How do children start smoking, given the huge public anti-smoking awareness campaign?
Despite the widely publicized health dangers of smoking, there is an uptick in smoking habits among children and teenagers. It is very important to understand the underlying motives for this behavior. It’s easy to see how people were seduced by tobacco decades ago, when smoking was glamorized in popular culture. That’s specifically why tobacco advertisements in television and magazines were outlawed. However, despite ongoing campaigns to make smoking seem anything but “cool,” kids keep lighting up. There do appear to be some complex factors to this trend among children that deserve attention and discussion.
How are children different from adults when they start to smoke?
When young people start to smoke, their motivation often is to look older and more mature, particularly if they are hanging around older individuals who smoke. Another motivation is to fit in with peers who are already smoking; the intense pressure to be cool and join the group can be their undoing, even if they are aware of the health consequences. There’s also an element of excitement when these kids do something that is forbidden: The thrill of sneaking away to smoke without getting caught can get them started. This last explanation is particularly powerful with kids who don’t get their thrills through other behaviors.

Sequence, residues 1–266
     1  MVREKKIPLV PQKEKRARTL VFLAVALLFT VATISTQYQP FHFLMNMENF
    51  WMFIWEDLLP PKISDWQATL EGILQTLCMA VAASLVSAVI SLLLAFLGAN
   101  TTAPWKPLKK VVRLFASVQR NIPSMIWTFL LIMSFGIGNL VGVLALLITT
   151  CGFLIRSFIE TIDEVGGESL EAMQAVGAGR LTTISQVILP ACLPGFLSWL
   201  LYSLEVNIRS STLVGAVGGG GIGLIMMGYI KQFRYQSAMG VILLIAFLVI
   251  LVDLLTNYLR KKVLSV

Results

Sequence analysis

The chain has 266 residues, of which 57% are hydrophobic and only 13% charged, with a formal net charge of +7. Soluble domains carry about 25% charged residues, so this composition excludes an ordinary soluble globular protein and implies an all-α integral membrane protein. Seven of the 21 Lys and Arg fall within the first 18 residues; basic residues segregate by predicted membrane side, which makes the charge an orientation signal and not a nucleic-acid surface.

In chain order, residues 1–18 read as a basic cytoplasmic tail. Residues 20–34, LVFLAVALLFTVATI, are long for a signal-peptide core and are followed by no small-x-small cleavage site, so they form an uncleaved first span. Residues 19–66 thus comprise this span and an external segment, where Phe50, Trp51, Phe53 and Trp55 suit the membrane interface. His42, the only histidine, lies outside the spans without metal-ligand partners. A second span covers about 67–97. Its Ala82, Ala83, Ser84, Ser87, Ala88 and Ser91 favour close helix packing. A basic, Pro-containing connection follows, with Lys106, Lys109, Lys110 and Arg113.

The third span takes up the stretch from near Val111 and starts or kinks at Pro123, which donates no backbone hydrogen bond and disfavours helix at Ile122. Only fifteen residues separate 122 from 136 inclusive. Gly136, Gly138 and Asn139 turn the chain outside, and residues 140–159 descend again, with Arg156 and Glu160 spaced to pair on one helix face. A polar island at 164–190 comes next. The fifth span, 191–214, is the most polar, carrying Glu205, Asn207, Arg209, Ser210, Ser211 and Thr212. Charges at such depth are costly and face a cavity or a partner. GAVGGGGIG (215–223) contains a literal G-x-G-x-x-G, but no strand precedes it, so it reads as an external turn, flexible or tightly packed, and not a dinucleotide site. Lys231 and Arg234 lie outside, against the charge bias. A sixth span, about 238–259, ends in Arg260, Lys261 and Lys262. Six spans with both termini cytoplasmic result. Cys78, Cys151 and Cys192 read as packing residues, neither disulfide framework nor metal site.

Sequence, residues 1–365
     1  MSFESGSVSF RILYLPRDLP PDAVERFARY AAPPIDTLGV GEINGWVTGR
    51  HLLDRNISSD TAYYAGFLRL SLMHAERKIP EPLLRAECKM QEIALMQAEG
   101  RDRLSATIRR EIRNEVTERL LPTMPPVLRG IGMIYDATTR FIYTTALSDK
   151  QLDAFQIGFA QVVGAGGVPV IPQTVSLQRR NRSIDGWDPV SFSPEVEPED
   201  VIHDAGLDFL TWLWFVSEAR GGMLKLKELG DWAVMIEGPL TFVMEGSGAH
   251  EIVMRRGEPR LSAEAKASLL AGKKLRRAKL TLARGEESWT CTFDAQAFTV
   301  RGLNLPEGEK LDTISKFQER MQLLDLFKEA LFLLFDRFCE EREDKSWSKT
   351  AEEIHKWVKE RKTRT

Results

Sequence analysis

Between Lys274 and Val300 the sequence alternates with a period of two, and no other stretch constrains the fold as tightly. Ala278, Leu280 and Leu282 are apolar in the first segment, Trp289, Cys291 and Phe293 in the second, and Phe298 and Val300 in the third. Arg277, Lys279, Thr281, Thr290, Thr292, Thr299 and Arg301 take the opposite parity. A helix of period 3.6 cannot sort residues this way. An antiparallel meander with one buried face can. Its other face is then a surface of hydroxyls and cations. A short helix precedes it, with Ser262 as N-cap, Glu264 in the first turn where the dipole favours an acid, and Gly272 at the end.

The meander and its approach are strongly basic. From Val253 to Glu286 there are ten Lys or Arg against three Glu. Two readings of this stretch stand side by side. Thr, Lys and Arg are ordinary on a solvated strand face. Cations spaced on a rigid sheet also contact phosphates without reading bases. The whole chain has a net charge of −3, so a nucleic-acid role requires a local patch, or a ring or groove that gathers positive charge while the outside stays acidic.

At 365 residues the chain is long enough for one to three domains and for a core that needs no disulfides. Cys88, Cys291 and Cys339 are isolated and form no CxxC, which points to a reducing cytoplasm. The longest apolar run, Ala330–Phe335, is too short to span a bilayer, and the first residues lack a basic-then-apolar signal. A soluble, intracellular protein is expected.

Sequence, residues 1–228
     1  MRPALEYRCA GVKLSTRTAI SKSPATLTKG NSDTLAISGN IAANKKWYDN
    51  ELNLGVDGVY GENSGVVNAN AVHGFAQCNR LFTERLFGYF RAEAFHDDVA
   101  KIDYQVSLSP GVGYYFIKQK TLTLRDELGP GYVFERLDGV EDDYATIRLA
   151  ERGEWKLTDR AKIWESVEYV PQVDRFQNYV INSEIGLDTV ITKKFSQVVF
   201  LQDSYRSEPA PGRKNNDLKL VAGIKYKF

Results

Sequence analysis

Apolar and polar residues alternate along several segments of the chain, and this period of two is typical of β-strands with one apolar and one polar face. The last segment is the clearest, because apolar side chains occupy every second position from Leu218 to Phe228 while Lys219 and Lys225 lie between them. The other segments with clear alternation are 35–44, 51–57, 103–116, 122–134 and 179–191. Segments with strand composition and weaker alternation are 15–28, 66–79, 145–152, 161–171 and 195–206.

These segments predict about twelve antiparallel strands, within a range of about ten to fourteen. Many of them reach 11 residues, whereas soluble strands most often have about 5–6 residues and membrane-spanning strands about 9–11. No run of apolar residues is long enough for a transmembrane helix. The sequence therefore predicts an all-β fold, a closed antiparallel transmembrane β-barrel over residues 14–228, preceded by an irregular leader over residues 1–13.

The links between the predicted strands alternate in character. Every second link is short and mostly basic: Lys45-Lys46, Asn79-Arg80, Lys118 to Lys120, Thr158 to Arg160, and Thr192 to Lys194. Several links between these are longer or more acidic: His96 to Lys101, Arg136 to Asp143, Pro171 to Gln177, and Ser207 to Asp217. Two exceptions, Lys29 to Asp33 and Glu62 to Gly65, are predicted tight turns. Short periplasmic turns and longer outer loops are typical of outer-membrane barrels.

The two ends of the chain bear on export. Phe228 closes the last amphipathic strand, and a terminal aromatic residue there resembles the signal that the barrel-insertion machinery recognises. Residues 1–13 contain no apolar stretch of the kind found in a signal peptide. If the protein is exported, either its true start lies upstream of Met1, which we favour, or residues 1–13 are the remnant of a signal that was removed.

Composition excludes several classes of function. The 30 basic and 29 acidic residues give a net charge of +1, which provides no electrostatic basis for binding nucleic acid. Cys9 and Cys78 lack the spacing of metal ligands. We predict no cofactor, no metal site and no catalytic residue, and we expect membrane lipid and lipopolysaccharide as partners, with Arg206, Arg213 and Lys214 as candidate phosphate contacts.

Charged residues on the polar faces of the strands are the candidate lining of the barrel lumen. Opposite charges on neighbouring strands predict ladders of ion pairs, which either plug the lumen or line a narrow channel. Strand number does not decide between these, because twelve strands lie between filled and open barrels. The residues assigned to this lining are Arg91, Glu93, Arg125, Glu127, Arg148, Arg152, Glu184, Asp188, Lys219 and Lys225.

Not long after a child or teen starts to smoke, there’s the addicting element of nicotine, which makes someone feel good, without the immediate symptoms of adverse health. It obviously takes time for a smoker’s cough or other symptoms to begin to show up.
Adults, on the other hand, smoke for other reasons. Personal or financial stress often instigates a smoking habit. Adults are also affected by the peer effect, but differently. They don’t necessarily feel peer pressure, but they do see the comfort cigarettes seem to provide to their peers — a feeling they long for as well. Even adults who already have severe illness or face dire economic situations, and see their situation as hopeless, can experience a sense of comfort when they begin to smoke.
Smoking also reduces appetite, the “model effect,” which is why we see weight gain in individuals who quit smoking. For many individuals, especially young women, vanity trumps health.
What brain mechanisms perpetuate a smoking habit?
The habit is established once somebody begins to smoke regularly and becomes accustomed to the pleasurable sensations and desensitized to its adverse consequences. Neuroscientists have traced habit behaviors to a part of the brain known as the limbic system, or hippocampus. The limbic system also plays a role in emotions, associating behaviors with pleasurable memories, and pattern recognition. Decisions are modulated by another part of the brain, the prefrontal cortex, but once behaviors become automatic, as often smoking often does (after a meal or during a work break for example), the decision part of the brain goes into sleep mode, and whether or not to light up is determined in the limbic system. The habit becomes entrenched and very difficult to break.